Mood lighting in fast-food restaurants could make you eat less
People will stay longer and have more food satisfaction in a fine dining-style, fast-food restaurant than a regular one, a new study finds.
Wed, Sep 05 2012 at 12:26 PM
Soft lighting and smooth jazz not only add romance to your fast-food dining experience, they also make you less likely to overeat, says a new study by Cornell University's Food and Brand Lab. Researchers transformed part of a Hardee's in Champaign, Ill., into a swanky fine-dining establishment. They left the rest of the restaurant as it was. The (very breathlessly reported) results:
Researchers hypothesized that participants in the fine-dining part would consume more as the relaxed atmosphere would cause them to linger longer and order more food than those in the fast food environment. Interestingly results showed that even though participants in the fine-dining area ate for longer than those in the main eating area, they actually consumed less food! Those in the fine dining area were also no more likely to order extra food. Another surprising result is that even though participants in the fine-dining part ate less food, they actually rated the food as more enjoyable, so changing the atmosphere can change food consumption and food satisfaction!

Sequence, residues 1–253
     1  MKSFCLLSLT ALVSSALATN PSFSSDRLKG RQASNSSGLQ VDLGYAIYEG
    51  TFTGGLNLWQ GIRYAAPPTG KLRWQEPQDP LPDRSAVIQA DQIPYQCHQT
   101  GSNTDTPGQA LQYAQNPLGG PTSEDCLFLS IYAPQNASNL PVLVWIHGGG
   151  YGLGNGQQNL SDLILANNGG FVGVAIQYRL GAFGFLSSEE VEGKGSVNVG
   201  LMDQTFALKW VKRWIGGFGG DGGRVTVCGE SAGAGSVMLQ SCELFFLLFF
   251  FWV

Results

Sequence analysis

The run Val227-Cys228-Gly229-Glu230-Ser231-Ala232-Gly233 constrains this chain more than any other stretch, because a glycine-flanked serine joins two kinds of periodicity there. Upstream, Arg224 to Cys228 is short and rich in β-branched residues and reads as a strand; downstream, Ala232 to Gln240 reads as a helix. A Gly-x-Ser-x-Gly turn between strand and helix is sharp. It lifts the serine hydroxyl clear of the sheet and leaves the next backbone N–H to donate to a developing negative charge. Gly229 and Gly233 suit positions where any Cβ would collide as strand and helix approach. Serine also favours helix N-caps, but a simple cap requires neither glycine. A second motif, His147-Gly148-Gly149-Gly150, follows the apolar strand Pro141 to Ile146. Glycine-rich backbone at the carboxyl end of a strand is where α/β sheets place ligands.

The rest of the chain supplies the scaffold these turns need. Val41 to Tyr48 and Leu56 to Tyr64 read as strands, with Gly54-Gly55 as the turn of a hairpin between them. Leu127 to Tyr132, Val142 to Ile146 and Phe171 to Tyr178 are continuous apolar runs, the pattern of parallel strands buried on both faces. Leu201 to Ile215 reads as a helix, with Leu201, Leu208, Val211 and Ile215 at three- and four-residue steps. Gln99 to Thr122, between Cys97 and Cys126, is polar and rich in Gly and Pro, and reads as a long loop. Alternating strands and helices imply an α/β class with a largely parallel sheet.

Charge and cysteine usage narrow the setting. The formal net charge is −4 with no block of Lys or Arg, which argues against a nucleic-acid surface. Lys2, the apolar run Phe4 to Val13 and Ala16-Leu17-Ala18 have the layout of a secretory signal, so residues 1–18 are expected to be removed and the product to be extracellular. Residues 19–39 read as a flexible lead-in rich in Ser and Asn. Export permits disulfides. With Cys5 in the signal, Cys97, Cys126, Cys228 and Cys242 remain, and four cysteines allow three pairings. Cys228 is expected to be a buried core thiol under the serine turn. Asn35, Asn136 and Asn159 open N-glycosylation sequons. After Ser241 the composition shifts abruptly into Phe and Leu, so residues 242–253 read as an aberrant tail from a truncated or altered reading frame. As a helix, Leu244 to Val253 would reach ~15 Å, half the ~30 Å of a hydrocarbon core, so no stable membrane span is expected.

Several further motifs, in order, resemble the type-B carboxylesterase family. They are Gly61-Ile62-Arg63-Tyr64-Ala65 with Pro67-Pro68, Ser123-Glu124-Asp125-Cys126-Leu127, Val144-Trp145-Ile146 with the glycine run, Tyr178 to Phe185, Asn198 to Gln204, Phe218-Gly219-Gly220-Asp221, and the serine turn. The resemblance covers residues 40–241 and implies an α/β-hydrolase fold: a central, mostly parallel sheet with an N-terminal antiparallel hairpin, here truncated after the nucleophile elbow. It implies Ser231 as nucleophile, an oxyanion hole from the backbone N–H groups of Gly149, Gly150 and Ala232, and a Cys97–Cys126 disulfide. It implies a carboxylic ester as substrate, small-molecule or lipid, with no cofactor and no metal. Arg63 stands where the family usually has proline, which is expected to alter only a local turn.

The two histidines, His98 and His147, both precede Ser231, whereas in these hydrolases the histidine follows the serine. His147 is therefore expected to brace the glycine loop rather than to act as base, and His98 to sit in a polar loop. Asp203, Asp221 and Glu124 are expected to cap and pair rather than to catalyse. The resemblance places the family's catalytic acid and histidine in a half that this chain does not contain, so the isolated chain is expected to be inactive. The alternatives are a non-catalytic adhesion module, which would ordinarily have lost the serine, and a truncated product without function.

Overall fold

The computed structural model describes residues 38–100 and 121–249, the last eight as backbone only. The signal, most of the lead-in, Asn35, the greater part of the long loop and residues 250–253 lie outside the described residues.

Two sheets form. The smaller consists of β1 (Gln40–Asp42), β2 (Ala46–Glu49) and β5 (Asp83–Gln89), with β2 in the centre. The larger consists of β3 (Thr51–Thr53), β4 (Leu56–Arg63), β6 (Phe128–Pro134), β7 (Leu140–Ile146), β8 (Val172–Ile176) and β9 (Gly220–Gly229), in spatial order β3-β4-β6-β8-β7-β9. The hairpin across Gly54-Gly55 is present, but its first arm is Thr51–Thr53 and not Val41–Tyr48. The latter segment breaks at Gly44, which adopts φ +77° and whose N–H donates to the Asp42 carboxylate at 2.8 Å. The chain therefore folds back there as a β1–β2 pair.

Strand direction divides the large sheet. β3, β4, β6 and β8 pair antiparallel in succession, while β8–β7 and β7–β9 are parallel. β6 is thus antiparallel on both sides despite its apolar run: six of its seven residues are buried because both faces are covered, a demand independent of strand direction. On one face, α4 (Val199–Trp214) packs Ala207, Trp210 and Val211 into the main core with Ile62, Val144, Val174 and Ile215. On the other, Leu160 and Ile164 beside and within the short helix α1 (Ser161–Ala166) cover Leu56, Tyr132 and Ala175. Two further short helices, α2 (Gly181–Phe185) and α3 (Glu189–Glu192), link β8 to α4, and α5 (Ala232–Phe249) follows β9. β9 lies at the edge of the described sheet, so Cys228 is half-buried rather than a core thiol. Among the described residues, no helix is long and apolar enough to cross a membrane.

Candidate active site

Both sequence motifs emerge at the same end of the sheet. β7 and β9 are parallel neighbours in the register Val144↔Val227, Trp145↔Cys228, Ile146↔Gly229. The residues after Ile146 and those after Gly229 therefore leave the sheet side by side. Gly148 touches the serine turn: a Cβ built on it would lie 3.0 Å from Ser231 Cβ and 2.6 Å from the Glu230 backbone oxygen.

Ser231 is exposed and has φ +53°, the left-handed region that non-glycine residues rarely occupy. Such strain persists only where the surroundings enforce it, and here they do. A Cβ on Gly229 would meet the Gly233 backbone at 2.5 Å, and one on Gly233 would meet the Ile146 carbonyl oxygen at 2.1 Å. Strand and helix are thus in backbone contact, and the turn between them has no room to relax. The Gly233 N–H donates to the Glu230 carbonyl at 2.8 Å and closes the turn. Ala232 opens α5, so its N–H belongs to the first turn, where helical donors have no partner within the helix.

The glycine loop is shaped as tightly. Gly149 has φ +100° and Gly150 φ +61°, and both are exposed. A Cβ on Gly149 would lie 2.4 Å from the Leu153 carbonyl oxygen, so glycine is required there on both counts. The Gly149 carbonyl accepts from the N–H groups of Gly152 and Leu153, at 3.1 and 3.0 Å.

The fancy-pants diners consumed 18 percent less food than their casual counterparts. Classy!
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